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CSU-Pueblo Title IX decision criticized on social media

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Photo from http://upload.wikimedia.org
Photo from http://upload.wikimedia.org

A recent Title IX decision made by Colorado State University-Pueblo has come under fire by students and community members largely due to a lengthy post circulating social media.

The statement, made by a person close to the situation, detailed the story of a student, a prominent football player and wrestler, who was stripped of his scholarship due to sexual assault allegations. In addition to his dismissal from athletics, the post said, the student was also expelled from the university.

The statement’s author claimed the student was wrongfully accused of non-consensual sex and that he was treated unfairly due to Title IX policies.

“If you are accused of sexual misconduct, harassment, or rape in college you have NO RIGHTS!” the author wrote.

The comment has been circulating social Facebook since Feb. 5, and has accumulated nearly 400 likes and shares from both students and members of the community. It was posted to the CSU-Pueblo Today’s website on Feb. 7 in the comment section of an article about Title IX.

Kaitlyn Blakey, the new Title IX director for the university, said she is not allowed to speak about the details regarding the case. However, she mentioned that CSU-Pueblo is required to investigate any accusations of sexual misconduct, and that both the complainant and the accused are given the opportunity to tell their side of the story.

But Title IX cases handled by the university are not ruled upon in the same way as sexual assault cases handled in a court of law.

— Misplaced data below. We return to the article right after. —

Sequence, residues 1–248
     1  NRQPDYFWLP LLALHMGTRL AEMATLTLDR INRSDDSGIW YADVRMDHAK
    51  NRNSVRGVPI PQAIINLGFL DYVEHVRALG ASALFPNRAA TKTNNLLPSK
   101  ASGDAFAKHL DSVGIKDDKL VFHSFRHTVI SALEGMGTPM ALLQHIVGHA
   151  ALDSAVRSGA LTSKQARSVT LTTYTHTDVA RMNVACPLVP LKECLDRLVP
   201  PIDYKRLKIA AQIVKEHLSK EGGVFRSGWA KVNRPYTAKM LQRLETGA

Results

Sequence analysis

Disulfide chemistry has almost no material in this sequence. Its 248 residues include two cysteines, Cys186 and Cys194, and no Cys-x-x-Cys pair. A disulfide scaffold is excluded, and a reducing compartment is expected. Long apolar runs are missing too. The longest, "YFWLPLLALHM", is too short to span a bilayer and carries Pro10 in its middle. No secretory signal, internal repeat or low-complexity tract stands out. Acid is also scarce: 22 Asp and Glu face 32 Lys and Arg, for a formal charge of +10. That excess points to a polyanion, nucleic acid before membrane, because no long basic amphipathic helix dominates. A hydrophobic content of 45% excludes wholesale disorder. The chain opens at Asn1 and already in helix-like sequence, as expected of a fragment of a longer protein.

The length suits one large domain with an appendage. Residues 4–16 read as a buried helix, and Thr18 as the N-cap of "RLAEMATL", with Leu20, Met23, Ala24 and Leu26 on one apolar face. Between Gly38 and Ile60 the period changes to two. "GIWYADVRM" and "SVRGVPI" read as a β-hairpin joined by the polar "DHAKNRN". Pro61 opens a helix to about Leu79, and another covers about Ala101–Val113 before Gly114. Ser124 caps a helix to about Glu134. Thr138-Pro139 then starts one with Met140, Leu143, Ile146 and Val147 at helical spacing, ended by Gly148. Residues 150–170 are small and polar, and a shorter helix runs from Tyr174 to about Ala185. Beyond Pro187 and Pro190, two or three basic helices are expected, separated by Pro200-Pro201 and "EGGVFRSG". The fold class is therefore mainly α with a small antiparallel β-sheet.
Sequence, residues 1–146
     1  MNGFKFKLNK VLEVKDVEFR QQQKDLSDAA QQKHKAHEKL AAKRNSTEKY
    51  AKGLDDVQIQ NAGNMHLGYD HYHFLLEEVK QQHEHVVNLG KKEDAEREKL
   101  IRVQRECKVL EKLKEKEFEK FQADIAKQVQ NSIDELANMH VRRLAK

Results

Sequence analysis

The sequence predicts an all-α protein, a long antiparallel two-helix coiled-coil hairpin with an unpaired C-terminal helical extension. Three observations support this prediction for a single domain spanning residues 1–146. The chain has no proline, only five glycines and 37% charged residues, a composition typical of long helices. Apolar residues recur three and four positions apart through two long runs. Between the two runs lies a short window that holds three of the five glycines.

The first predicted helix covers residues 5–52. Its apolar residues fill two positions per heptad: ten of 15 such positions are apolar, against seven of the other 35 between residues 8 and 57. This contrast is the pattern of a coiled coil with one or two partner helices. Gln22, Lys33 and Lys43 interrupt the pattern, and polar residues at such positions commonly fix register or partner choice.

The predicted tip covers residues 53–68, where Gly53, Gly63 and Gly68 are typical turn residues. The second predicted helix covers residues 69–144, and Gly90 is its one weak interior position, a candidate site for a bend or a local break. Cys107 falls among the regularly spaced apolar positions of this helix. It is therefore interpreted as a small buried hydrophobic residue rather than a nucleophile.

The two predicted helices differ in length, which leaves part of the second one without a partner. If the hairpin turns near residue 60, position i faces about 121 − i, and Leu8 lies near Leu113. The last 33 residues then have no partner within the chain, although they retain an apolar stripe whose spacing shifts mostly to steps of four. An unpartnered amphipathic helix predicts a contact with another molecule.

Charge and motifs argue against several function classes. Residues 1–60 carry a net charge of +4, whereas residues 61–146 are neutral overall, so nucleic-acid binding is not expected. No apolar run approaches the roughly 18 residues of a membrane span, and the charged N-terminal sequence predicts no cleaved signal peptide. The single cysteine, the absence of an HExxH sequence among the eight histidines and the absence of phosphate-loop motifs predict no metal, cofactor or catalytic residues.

According to Blakey, pursuant to the Office of Civil Rights and Title IX, the university is required to apply the preponderance of the evidence standard of review which determines whether an incident was more likely to have occurred than not to have occurred.

“The thing that people get tripped up on is the standard of review, which in a criminal case you must prove the case beyond a reasonable doubt,” she said.

Yet, according to Blakey, the university uses preponderance of the evidence, which determines whether an incident was more likely to have occurred than to not have occurred. Blakey said this is most likely the reason that there is such an uproar about the incident.

Once a decision is made, it is exceedingly difficult to get it overturned without viable proof that the case was mishandled.

The social media posts stated that the accused student did appeal, and that the appeal was not granted.

President Lesley Di Mare issued a brief, general statement regarding Title IX policies to the student body on Feb. 11. The email gave a summary about the amendment and indicated that “the university cannot and will not respond to comments or questions regarding a specific student’s Title IX matter.”

“As your President, it is my responsibility to abide by the statutory provisions of Title IX,” Di Mare said.

John Wristen, head football coach, declined to comment for this story.

 

Editor’s note: The following sections have been updated from their original versions for more clarity.

Original: The statement, made by a person close to the situation, detailed the story of a student, a prominent football player and wrestler, who was stripped of his scholarship due to sexual assault allegations. In addition to his dismissal from athletics, the student was also expelled from the university.

Clarification: Cite source for dismissal from athletics and expulsion comment as Blakey nor any other University representative made such a  statement.

Original: “The thing that people get tripped up on is the standard of review,” Blakey said. “Anyone that watches Law and Order or has heard about rape cases in the media knows that in order to prove rape you have to prove it without a reasonable doubt, and that’s the standard of review.”

Clarification: According to Blakey, pursuant to the Office of Civil Rights and Title IX, the university is required to apply the preponderance of the evidence standard of review which determines whether an incident was more likely to have occurred than not to have occurred.

“The thing that people get tripped up on is the standard of review, which in a criminal case you must prove the case beyond a reasonable doubt,” she said.